“Jeb, from what the General was telling me, this might be the place we have been seeking. He told me of a low mountain valley north of here with forests, creeks, meadows and even a few lakes. The valley is unsettled because most of the territory is open ranch land and most of the settlers here run cattle for a living. The valley is too heavily forested for cattle ranching but it would be perfect for raising horses and mules. We can each file a claim to a section (six hundred and forty acres) for a hundred dollar fee. I figure that if we like the place, Sean, you and I can file for adjoining sections. Even Curtis might be able to file a claim. Dodge told me that the railroad was coming right through here in a year or so and that he had already commenced surveying a town on this very spot. He figures that soon people will be flocking here because of the railroad.”
As I said, I did not share JC’s enthusiasm for Dodge, so it was harder for me to believe even a small part of his pronouncements. However, I was not about to dismiss what JC told me out of hand. For one thing, JC had an uncanny knack in finding good deals. For another, if this area did boom with the arrival of the railroad, my dream of a freight business could become reality.
“I have my doubts about the General’s veracity, JC, but I’m willing to look at the land he mentioned. If it is suitable for us, we can show it to the family and see what they think,” I said noncommittally.
Dodge magnanimously escorted us to the valley the next morning. It was located about ten miles from the trading post and I was exceedingly surprised when it turned out to be everything he described. As we rode through the valley beside the snow melt swollen, burbling creek; I could envision the family living here, quite easily. As I explored on my own, JC, Sean and Dodge were in a serious discussion about the money to be made if Dodge’s prediction of a boom in the area occurred. Discussions about money and becoming rich did not interest me. Sure, I wanted to be comfortable, but, more than that, I wanted my family and me to be happy and at peace for a change.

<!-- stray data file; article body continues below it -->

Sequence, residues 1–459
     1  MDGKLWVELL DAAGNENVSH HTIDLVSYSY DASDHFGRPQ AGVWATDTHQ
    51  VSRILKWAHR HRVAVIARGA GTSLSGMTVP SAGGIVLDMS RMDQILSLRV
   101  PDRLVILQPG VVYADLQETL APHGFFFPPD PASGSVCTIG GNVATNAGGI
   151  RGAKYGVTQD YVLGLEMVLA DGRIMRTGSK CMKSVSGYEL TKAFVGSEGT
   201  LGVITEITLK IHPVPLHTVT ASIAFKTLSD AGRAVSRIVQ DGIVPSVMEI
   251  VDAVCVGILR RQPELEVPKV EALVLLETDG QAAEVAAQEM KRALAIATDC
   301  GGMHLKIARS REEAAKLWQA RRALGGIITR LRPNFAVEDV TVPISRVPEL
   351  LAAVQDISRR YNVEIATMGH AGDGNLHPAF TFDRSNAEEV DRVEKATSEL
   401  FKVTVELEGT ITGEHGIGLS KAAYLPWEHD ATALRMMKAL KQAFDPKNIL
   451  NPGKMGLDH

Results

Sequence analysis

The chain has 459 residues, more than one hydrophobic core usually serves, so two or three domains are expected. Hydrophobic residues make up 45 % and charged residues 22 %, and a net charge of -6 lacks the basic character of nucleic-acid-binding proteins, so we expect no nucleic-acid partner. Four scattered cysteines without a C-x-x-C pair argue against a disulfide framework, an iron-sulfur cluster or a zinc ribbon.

JC and I loaded the family up in a couple of wagons the next day and took them to the tranquil little valley. It was love at first sight for the women so we started making plans right there by the creek. Ma, Anne, Rachael and Florence were ecstatic about the spot and were happily planning on where our houses would be as we ate the picnic lunch they had prepared earlier. I was perfectly content to sit and watch as everyone else made plans. It was not that I did not care, I simply had nothing to contribute. I could not think of a single thing I could add at this point. I was alive, healthy and surrounded by those I loved. I had even managed to drag a nice collection of books out here with me. That was plenty enough for me.
We moved our camp up hill about fifty feet from the creek’s high watermark the next day and set about building a house. The plan called for there to be three houses eventually, but for now we needed to concentrate on one, so we would have a place to survive the winter. We also needed a barn and fenced enclosure for the livestock and ma wanted a garden tilled for her to plant, yesterday. Ma had brought vegetable seeds, seed corn and even some nuts to plant. She had the idea of transforming our place into a small slice of Georgia, complete with Hickory and Black Walnut trees.
One thing we weren’t lacking was building materials. We had a thriving evergreen forest for lumber and all the stone we could ever use. The local stone was perfect for building because pieces that were flat on the top and bottom were commonplace, and the stone was easy to shape with only a peening hammer and a cold chisel. We dug a foundation about a foot wide and a foot deep and started carefully dry stacking the stones we had been gathering and shaping. Curtis and I fetched and squared the ends of the stones while JC and Sean fitted them together in the foundation trench. We had an ambitious plan to build a house twenty feet wide and forty feet long so we needed plenty of stone just for the foundation. Also, because we did not have mortar to bond the stones together, we had to spend considerable time fitting and leveling as we went.